I second that. You might be able to find a local auto shop that will be able to wind your current alternator to add about 100 more amps to it. That is what I did, but it does shorten the life of it. Already went through one of those on my ol' 95.

    steve

  4. #4
    Constant Bitrate lanman1's Avatar
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    Quote Originally Posted by rmjjensen
    I've got an annoyance .....my alternator charges at a rock solid 14V all the time. However, when I start bumping the system the voltage drops (of course). This isn't really a problem, but if I adjust my settings to get some SPL output the voltage will drop so low that my computer will shut down. I have all the generic bases covered, but am considering adding an extra battery or two.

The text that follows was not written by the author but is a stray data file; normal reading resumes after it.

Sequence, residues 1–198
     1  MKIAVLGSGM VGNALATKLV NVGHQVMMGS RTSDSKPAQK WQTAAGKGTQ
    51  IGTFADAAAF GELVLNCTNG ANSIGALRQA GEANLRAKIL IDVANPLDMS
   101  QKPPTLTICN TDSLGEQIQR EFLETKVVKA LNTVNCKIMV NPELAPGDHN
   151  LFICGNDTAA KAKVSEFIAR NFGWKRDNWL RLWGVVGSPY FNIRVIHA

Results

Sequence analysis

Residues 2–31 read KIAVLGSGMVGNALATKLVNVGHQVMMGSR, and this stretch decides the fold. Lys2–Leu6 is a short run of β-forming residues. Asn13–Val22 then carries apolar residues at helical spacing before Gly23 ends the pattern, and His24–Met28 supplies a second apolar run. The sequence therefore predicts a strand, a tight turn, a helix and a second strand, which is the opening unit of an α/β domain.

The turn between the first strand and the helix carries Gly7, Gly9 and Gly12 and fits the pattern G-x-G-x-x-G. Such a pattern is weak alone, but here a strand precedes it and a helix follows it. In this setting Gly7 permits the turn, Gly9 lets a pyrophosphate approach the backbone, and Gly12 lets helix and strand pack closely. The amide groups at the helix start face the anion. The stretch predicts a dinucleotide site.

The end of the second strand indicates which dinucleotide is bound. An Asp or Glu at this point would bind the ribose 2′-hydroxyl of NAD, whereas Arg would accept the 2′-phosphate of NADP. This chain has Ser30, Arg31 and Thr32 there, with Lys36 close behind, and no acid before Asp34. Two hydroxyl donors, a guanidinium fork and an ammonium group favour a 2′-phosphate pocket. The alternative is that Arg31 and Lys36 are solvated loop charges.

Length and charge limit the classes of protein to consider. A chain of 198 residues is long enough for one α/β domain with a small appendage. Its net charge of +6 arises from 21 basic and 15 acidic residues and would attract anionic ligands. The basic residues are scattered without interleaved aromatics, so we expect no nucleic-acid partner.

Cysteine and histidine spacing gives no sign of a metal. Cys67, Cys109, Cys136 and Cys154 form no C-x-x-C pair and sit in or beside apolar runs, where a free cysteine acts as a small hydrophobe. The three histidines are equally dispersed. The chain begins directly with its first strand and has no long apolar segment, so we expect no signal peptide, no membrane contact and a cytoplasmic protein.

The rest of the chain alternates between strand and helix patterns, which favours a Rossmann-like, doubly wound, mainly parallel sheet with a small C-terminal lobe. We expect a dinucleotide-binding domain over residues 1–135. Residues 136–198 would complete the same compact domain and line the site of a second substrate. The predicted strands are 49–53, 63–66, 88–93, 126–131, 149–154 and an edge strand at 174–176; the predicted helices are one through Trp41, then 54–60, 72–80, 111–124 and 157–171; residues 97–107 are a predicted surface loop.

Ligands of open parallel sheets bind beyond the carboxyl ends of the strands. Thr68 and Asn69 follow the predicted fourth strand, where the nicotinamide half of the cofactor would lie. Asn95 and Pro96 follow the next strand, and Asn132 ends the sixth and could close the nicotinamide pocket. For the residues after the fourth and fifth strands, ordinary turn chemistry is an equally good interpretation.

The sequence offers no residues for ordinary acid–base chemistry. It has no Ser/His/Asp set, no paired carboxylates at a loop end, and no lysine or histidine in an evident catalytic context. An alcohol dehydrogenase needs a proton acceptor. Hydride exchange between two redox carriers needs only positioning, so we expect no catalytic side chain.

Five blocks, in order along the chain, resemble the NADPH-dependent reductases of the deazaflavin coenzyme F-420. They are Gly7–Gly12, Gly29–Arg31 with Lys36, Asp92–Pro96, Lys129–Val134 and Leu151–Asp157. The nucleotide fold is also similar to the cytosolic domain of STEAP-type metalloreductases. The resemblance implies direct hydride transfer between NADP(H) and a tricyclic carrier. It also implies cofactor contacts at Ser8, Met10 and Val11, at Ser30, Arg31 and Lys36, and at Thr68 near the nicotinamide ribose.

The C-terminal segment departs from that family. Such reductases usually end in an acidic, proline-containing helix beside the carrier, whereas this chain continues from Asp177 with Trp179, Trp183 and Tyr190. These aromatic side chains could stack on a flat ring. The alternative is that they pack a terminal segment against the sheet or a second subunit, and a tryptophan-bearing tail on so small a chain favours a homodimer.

It's very annoying. Does anyone else have problems where a "brown out" will freeze their computer? What power supplies are you guys using and how low has the voltage gone (if you know).

    Mine can go sub 11.2V then the comp will freeze up and restart itself.
    What PS do you use on your CarPC?

  5. #5
    Low Bitrate Imagex's Avatar
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    Sounds like you could use a power cap in your system.
    James Tune
    CEO, Co Founder
    Hybrid Mobile Solutions, Inc

  6. #6
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    caps are a waste of time and money, unless they are BatCaps or the something like the new stinger 20+ farad caps, they discharge too quickly to do you any good and can actually hurt your sound/spl performance.